Theresa May’s recent announcement of a ‘Shared Society’, after all the fuss about the Big Society when it was launched, has been greeted with a healthy degree of scepticism, but it is worth having a look at the finer detail and trains of thought that lie within the speech. Much of it is ‘motherhood and apple pie’, but there are some key themes that chime with me, as she was talking directly about social enterprises (albeit in a limited context of social finance).
Firstly, she highlights the limits of the cult of the individual and how social enterprises help to break this down. For me, this is a fundamental point about social enterprises.
Social enterprises aspire to be more than a single founder or entrepreneur, however charismatic and publicity hungry such individuals can be in driving the business forward. The most effective social enterprises are rooted in their stakeholders and communities. Conventional business may also be bigger than the individual who runs or sets them up, but social enterprises are set up to address a particular social issue or objective and this remains their driving, primary purpose for the long term; profitability remains important, but it serves the needs of social stakeholders above that of the whims of individual shareholders and their personal profit motivations.
Alongside this the PM also talked about how social enterprises (as well as charities) are not only dependent on the people involved, but also the trust which they engender in the way they work. The Charity Commission and new Fundraising Regulator are working to help the government with this. However this does not address the trust placed in social enterprises. This is where the Social Enterprise Mark comes in – we externally assess social enterprise credentials as well as commitment to providing additional social value. The Mark acts as an independent guarantee that an organisation is trading for the primary benefit of people and the planet.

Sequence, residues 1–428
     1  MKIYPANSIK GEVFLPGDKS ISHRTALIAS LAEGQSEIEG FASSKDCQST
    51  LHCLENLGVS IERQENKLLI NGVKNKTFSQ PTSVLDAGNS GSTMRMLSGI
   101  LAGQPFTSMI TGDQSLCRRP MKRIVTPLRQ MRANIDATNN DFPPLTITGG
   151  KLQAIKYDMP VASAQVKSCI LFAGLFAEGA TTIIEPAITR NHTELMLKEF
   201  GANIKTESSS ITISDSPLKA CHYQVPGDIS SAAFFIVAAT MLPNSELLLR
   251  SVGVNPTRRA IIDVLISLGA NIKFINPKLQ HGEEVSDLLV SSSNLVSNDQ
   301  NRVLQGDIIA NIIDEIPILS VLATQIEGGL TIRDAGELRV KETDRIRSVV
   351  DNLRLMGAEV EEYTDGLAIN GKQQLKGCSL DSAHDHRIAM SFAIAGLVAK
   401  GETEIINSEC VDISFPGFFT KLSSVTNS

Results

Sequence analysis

Lastly, social enterprises also often provide goods and services that address the needs of a whole community, not just the poorest, although they may have programmes that are targeted at or support those in the most need. The fact that they are run as businesses (and as I touch upon above, must therefore be profitable) allows a cross- subsidy model and does not require grant funding, which tends to be more specifically targeted at the most marginalised. Therefore you can legitimately argue that the social enterprise business model can help ‘the just about managing’.